Despite Africa’s age-old problem with infrastructure there is a remarkably high level of awareness when it comes to technology and new business opportunities. This is primarily because the internet has opened access to the latest information and the newest technologies.

But it’s more than the availability of the technology itself. Almost everyone in Western Europe has access to the internet, but it tends to be taken for granted. In Africa, people are challenged in ways that Europeans can barely imagine and they need to find ways to better their lives; so they always keep struggling, seeking out information and using the internet as much as possible – such as studying online rather than borrowing to study in another continent.

It’s surprising that in Africa, where power outages are common, the level of awareness about cutting-edge technologies seems to be the same as one would find in Europe.

Innovation comes in hubs

Technopolis Group is working on an EU-funded project which aims to build on the energy and awareness of Africa’s new generation of entrepreneurs and innovators – the real game-changers in Africa’s future economy.

This is being done by connecting innovation and technology hubs in Africa with those in EU Member States. The project’s aim is to share ideas and methodologies and access new sources of funds; it started in January 2019 and will go on for another two years.

A hub is a shared office space where entrepreneurs and innovators come together, use the internet (and a desk), meet like-minded people, get training and meet investors. Some hubs actively help these entrepreneurs grow their ideas into viable businesses that attract investors.  They play an important role in Europe’s economic development; in Africa, there are over 400 hubs, mostly funded by international donor agencies or philanthropists.

The role of the Technopolis Group project is that of a facilitator, a network builder – to bring people together. One of the project’s first tasks was to identify a shortlist of hubs, on both continents, that are both willing and able to cooperate with their counterpart on the other continent.

Another initial task is to arrange a launch event in Kenya. Technopolis Group only invited 21 carefully selected hubs: 10 from Europe and 11 from Africa, The invitation list is limited as they’re going for depth rather than breadth.  Also invited to the first event are 20 promising new businesses which were trained (or “incubated”) by the African tech hubs.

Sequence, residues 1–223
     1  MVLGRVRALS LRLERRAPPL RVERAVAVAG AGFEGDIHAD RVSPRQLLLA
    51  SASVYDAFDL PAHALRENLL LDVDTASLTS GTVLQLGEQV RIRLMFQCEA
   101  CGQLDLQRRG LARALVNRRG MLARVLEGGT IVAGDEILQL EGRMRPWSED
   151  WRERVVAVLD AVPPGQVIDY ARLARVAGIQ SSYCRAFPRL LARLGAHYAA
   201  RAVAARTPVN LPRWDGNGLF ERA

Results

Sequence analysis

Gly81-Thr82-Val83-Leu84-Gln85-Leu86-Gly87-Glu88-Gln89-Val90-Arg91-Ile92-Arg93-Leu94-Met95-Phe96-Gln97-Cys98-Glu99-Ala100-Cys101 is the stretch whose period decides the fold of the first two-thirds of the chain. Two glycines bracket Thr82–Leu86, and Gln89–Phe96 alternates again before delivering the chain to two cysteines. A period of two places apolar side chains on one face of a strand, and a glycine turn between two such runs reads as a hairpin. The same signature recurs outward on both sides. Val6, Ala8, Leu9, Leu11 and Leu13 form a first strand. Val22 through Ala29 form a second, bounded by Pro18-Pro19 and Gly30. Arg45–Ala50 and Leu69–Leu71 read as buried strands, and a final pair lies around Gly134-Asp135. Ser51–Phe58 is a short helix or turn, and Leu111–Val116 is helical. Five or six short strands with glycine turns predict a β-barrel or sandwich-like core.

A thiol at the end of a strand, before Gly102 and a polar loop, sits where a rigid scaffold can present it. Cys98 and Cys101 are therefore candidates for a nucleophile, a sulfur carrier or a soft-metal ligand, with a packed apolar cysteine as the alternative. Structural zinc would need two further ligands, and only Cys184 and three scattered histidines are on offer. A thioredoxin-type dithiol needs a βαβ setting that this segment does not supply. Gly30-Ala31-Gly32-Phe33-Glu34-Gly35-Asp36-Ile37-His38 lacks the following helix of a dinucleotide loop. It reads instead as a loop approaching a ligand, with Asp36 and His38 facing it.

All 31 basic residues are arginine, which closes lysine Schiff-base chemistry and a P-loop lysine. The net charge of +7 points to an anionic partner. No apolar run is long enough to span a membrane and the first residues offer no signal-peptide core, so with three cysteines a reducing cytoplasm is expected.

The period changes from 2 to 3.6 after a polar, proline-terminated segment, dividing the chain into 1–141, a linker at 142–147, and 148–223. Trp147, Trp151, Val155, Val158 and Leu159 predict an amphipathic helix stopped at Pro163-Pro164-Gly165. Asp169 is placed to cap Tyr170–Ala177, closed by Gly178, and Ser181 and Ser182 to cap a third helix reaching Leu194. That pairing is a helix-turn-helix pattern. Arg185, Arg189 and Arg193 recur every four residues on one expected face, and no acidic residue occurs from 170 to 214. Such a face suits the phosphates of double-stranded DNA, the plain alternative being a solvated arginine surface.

Three examples of African hubs

Each African hub is different, and the following examples give an indication of their variety.

Many hubs are private sector run and an example of this is the Active Spaces hub in the Cameroon city of Doula. The hub was started by students who were looking for a space to develop their ideas; it started out as a co-working space, and the rent they get for this is their main source of income. They recently started offering incubation (training) services for entrepreneurs. It’s a well-organised hub with good international connections.

Another type of hub is the ones set up by government or academic institutions. One of these has been set up by the Polytechnic in Yaounde, in Cameroon, with government funding. Like the private sector example described above, the aim is to incubate and mature the ideas of the students – as well as other innovators in the area. They have over 500 square metres of office space, as well as conference and parking facilities. One of their success stories is a start-up called Gifted Mum which gives pre-natal advice about bringing up children.

A third example of a successful African hub comes from Lagos, Nigeria. It’s called CC Hub where CC stands for Co-Creation. It offers co-working and innovation spaces and has managed to link up with Facebook which is offering some support to the African start-up ecosystem.

Networking and partnerships

Technopolis Group encourages the hubs to enter into a partnership with each other, share information about relevant start-ups and organise joint events. They will organise more networking events like this during the course of the project.

The aim is to avoid the importing of traditional Western models – which often do not work in Africa – and create direct links between innovative start-ups that are based on local needs and new technologies.

At the launch event, Technopolis Group will bring together hub representatives from Cameroon, Ghana, Kenya, Mozambique, Nigeria, Senegal, South Africa, Tanzania, Uganda and Zambia – with counterparts from Cyprus, the Czech Republic, France, Germany, Hungary, Luxemburg, Ireland, the Netherlands, Portugal and the UK.

The list of technologies and sectors that these 21 hubs specialise in is impressive and includes artificial intelligence, drones, blockchain, the internet of things, big data, robotics, clean energy, health, food and agriculture, eCommerce, eco-tourism, the frugal economy, education, software and app development, manufacturing – and much more.   

This project will contribute to the strategic goal agreed between the EU and the African Union at their summit in September 2018, which issued a joint statement aiming for “an unprecedented shift towards an equal partnership between Africa and the EU.”

More about the Africa-Europe Innovation Partnership

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